The Licence Appeal Tribunal has repeatedly held that an applicant is precluded from applying to the Tribunal if the applicant failed to attend a requested s. 44 Insurer’s Examination (“IE”). Importantly however, the IE request must be compliant with s. 44 of the Statutory Accident Benefits Schedule – Effective September 1, 2010 (“Schedule”). The question then becomes, what does the Tribunal consider to be a “compliant” s. 44 IE request?
In 17-001508 v. Heartland Farm Mutual dated July 26, 2017, the applicant argued that he refused to attend a scheduled IE because the respondent failed to provide “the medical and any other reasons” for the examinations as required by the Schedule. Adjudicator Rupinder Hans rejected this argument and found that the respondent did in fact provide valid medical reasons in the IE request. These reasons included a lack of medical documentation that supports the need for the treatment plan in dispute, and the applicant’s noncompliance with the insurer’s request for medical documentation. Accordingly, Adjudicator Hans held that s. 55 of the Schedule precluded the applicant from applying to the Tribunal.
Similarly, in 17-002894 v. Aviva Insurance Company dated September 27, 2017, Adjudicator Brian Norris held that the applicant was barred from commencing a proceeding because he did not attend a “properly scheduled” IE. A “properly scheduled” IE is one that provides notice to the applicant, no less than five business days before the examination, that states:
1) The medical and any other reasons for the examination;
2) Whether the insured’s attendance is required at the examination;
3) The name of the person/people who will conduct the examination, their title/designation/specialty, and the regulated health profession to which they belong; and
4) The date, time, and location of the examination.
Additional considerations of a “properly scheduled” IE include:
1) An insurer shall make reasonable efforts to schedule the examination for a day, time, and location that is convenient to the insured; and
2) The insured and insurer shall provide relevant information and documents to the examiner no later than five business days before the examination.
Adjudicator Norris also considered these factors in 17-004104 v. Aviva Insurance Company dated November 20, 2017. In this decision, he held that the applicant was precluded from adjudicating entitlement to a psychological assessment because the applicant had not complied with s. 44, and the IE notice met the criteria listed above.
In a recent reconsideration decision dated February 26, 2018, 17-001088 v. Aviva Insurance Company, SLASTO Executive Chair Linda P. Lamoureux upheld the Tribunal’s decision to adjourn the proceeding until the applicant attended the IE she had previously failed to attend. Ms. Lamoureux found nothing unreasonable about the respondent’s request for an in-person IE, as opposed to a paper review. The applicant’s argument that the medical information provided to the respondent made an in-person IE unreasonable was flatly rejected.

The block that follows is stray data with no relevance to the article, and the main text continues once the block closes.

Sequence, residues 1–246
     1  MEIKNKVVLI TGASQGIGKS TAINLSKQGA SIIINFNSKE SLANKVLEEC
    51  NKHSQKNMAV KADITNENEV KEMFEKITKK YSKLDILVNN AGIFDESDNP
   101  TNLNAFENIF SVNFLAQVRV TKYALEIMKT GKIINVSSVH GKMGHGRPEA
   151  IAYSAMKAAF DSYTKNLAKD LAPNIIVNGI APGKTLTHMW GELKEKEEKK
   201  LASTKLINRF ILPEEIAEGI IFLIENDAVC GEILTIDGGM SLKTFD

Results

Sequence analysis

It is important to note under what circumstances the Tribunal will find an IE request unreasonable. In 17-005291 v. Travelers Canada dated March 13, 2018, Adjudicator Cezary Paluch dismissed Travelers’ motion to compel the applicant to attend s. 44 IEs and to preclude the applicant from applying to the Tribunal because she refused to attend the IEs.
The Tribunal applied the following guiding criteria in assessing the reasonableness of the proposed IE:
i. the timing of the insurer’s request;
ii. the possible prejudice to both sides;
iii. the number and nature of the previous insurer’s examinations;
iv. the nature of the examination(s) being requested;
v. whether there are any new issues being raised in the applicant’s claim that require evaluation; and
vi. whether there is a reasonable nexus between the examination requested and the applicant’s injuries.
Firstly, Adjudicator Paluch noted that the applicant had already attended three in-person IEs to assess her claim for income replacement benefits. Secondly, while the insurer argued that new medical information required additional IEs, Adjudicator Paluch found that the “new” medical information was in fact known to the insurer ahead of the previous IEs, and therefore denying the additional IEs did not create any prejudice to the insurer. Thirdly, it was unreasonable to request an in-person IE rather than a paper review given how depressed and anxious the applicant was, and the wealth of medical documentation produced. Accordingly, the request for additional IEs was found to be unreasonable.
These decisions provide a clear picture of the direction the LAT takes on issues of attendance at insurer examinations. Absent a compelling reason why the insurer examination request is not reasonable, or otherwise does not conform with section 44 of the SABS, the LAT’s recent spate of decisions make clear that a non attendance at IEs will result in a bar to the Applicant from proceeding to adjudication at the LAT.